New Orleans Mayor Mitch Landrieu’s administration and the heirs of Edward Wisner traded their first blows in court Tuesday in a civil trial that will decide who controls the bulk of a lucrative piece of Louisiana coastline that Wisner donated to the city nearly 100 years ago.
Arguments centered on two basic questions: Whether the arcane language of legal documents from 1914 and 1928 gives the mayor unrestricted rights in deciding how to hand out the city’s income from the donated land to charitable causes and whether a trust governing the land should continue as it is after its original 100-year term expires in August.
A lot of money rides on the answers. Last year, the Wisner Donation threw off more than $8 million in revenue, most of it from oil and gas leases and the rent from Port Fourchon, a hub for offshore rigs.
Landrieu argues the trust should dissolve next year, which would leave his administration with the option of selling the land outright.
Wisner’s heirs, who have been collecting a portion of the land’s income since the 1930s, want the existing arrangement to continue in perpetuity.
It could be months or years before the case is resolved, though. Visiting Judge Melvin Zeno, filling in for Civil District Court Judge Lloyd Medley, heard close to four hours of testimony on Tuesday but did not issue a ruling. Zeno said he would try to come back with a decision quickly, but he noted that his ruling would have to deal with numerous points of dispute. And any decision he makes is likely to draw an appeal from the losing side.
As they have in court filings over the past few months, Wisner’s heirs argued a 1928 settlement between their family and the city stipulated the mayor of New Orleans would dole out money from the land only with the “advice and consent” of a committee made up of representatives from the land’s other beneficiaries.
Along with the heirs and the city, Tulane University, Charity Hospital and The Salvation Army all get a cut of whatever revenue the Wisner land generates. And all of those parties have a representative on an advisory committee that manages the land. Until Landrieu took office, that committee also signed off on whichever grant recipients the mayor chose to receive grants from the city’s share.
Cathy Norman, who served as the committee’s secretary-treasurer for nearly two decades, took the stand Tuesday and described how Landrieu’s administration ignored the committee, handed out grants without its knowledge and stopped giving it monthly financial statements about how the money was spent.
The city disputed none of that.
Erica Beck, Landrieu’s executive counsel who serves as the mayor’s representative on the committee, testified Landrieu set up a separate, in-house committee made up mostly of his own appointees to review applications for grants.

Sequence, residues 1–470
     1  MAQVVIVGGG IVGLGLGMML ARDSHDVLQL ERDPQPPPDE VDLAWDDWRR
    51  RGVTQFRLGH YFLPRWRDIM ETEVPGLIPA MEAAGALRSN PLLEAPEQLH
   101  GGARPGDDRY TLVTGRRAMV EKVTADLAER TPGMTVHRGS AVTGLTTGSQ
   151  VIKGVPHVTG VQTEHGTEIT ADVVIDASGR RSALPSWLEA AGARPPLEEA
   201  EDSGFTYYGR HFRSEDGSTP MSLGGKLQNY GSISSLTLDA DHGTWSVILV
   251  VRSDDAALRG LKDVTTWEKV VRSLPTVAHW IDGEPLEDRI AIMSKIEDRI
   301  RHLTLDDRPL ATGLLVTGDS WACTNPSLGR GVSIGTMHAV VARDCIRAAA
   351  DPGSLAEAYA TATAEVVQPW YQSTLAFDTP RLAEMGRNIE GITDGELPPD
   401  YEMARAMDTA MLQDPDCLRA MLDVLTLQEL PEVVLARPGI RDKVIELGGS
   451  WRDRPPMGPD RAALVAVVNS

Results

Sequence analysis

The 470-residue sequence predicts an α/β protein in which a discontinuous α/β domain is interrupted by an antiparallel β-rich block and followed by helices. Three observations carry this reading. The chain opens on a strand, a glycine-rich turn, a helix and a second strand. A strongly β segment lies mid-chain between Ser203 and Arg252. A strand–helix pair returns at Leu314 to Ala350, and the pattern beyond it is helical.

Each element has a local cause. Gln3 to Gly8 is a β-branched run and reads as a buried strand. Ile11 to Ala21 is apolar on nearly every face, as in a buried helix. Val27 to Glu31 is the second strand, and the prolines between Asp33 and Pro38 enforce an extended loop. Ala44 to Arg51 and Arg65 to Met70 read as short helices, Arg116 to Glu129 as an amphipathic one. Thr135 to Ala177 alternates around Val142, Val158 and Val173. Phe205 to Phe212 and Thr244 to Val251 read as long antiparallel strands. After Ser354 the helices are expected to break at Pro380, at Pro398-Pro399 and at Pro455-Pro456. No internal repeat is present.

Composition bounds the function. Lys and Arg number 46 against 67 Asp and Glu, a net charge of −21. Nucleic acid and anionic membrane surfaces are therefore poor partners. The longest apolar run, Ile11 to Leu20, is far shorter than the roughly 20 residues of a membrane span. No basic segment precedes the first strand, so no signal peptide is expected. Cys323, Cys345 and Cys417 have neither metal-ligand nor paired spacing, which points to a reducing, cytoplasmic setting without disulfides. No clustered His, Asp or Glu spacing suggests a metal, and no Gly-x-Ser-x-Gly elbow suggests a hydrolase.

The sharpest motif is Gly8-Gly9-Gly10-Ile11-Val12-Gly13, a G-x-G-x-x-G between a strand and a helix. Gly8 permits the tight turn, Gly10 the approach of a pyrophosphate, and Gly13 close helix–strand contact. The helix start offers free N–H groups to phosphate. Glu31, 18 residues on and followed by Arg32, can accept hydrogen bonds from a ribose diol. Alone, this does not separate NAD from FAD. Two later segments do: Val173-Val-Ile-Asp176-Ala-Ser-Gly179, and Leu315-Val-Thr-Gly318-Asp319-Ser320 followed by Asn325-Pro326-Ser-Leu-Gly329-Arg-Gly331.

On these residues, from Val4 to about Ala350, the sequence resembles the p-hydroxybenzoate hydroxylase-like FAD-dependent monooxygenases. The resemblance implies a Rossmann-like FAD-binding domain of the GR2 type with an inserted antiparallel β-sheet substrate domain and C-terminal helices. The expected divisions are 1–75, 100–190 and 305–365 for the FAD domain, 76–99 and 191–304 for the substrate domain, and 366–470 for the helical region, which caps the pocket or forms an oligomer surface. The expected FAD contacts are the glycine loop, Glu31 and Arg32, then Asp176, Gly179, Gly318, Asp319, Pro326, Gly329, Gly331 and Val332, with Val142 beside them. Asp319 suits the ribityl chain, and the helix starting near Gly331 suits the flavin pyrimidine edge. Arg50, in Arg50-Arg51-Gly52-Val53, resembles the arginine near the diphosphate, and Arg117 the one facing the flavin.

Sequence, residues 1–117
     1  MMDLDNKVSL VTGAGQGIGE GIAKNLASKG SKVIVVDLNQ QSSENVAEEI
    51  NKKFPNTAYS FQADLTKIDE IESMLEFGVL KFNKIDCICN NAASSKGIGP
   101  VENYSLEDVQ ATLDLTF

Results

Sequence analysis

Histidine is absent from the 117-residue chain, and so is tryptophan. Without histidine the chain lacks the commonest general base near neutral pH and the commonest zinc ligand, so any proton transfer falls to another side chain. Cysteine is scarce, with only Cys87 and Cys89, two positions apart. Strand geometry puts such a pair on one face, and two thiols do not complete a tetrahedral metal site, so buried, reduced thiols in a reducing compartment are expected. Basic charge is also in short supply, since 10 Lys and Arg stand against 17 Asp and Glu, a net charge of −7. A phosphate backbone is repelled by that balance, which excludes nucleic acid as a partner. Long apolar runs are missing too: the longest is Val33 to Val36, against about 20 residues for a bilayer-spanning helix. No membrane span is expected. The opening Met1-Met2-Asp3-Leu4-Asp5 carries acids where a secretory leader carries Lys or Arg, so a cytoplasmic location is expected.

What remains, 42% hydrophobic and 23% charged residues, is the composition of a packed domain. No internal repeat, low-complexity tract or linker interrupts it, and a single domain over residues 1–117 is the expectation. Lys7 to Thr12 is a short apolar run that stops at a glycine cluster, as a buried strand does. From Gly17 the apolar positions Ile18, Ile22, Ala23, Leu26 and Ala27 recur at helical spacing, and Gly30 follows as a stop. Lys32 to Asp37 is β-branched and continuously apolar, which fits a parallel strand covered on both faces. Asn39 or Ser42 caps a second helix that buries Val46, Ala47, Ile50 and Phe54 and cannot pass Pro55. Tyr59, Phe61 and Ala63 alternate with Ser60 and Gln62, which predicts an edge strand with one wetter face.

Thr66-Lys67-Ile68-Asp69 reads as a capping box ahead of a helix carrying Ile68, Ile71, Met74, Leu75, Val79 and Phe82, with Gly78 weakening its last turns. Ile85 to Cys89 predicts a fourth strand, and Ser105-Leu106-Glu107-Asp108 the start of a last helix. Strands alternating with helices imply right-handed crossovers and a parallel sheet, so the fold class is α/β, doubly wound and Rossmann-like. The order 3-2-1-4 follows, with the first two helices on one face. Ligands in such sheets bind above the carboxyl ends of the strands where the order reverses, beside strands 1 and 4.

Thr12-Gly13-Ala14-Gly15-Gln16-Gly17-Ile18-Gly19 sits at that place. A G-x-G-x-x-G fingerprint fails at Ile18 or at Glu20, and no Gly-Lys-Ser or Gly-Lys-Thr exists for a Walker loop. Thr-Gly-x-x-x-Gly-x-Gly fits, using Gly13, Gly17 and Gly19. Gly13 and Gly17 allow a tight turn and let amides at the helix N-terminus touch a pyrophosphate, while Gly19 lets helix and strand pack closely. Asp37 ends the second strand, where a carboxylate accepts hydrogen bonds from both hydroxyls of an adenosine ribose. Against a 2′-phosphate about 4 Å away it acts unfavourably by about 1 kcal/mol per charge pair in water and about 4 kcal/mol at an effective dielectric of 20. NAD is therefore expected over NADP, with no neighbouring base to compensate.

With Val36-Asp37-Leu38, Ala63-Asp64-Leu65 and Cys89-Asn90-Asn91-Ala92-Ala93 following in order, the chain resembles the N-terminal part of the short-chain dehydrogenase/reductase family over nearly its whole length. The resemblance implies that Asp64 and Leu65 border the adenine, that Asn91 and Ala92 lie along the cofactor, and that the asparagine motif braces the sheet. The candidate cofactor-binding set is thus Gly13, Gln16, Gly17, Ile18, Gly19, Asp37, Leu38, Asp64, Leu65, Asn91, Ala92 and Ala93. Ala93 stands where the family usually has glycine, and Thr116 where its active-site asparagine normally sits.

Landrieu’s attorneys argued nothing in the trust agreement prohibits the mayor from doing so. City Attorney Sharonda Williams said the “advice and consent” language in the 1928 settlement should apply to decisions about the trust itself, not to distribution of the city’s share of the proceeds.
None of the other beneficiaries, the city pointed out, has to answer any questions about how they spend their portions.
Donald Lund, the attorney for the heirs, could not explain for the judge why the 1928 agreement would single out the city’s portion of the proceeds for greater scrutiny, but he argued it does. He pointed out not just the “advice and consent” language but specific stipulations attached to the original 1914 donations calling for the city to spend the money on various charitable causes.
As to why the trust should go on indefinitely, even after the 100-year term expires next year, Lund focused his argument on a state law passed in 1920 that made all charitable trusts perpetual unless they include explicit language to the contrary.
“This trust was made perpetual under the clear language of that act,” he said.
Adam Swensek, another attorney for the city, countered by saying the 100-year expiration date on the trust itself should be explicit enough. Lund argued the wording of the statute would require not just an expiration date but also a clear provision allowing whoever donated the land to dissolve the trust “midstream.” Without such a provision, he said, any existing charitable trust at the time became perpetual.
Swensek disagreed, noting that even Wisner’s heirs have acknowledged that they’ve been working since the 1980s to reach an agreement with the various other parties involved on extending the trust’s lifespan. He said they wouldn’t have bothered with that if they thought the 100-year trust was meant to continue forever.
What the heirs are trying to do now, Swensek said, is “retroactively transform the clear and unambiguous language of these documents.”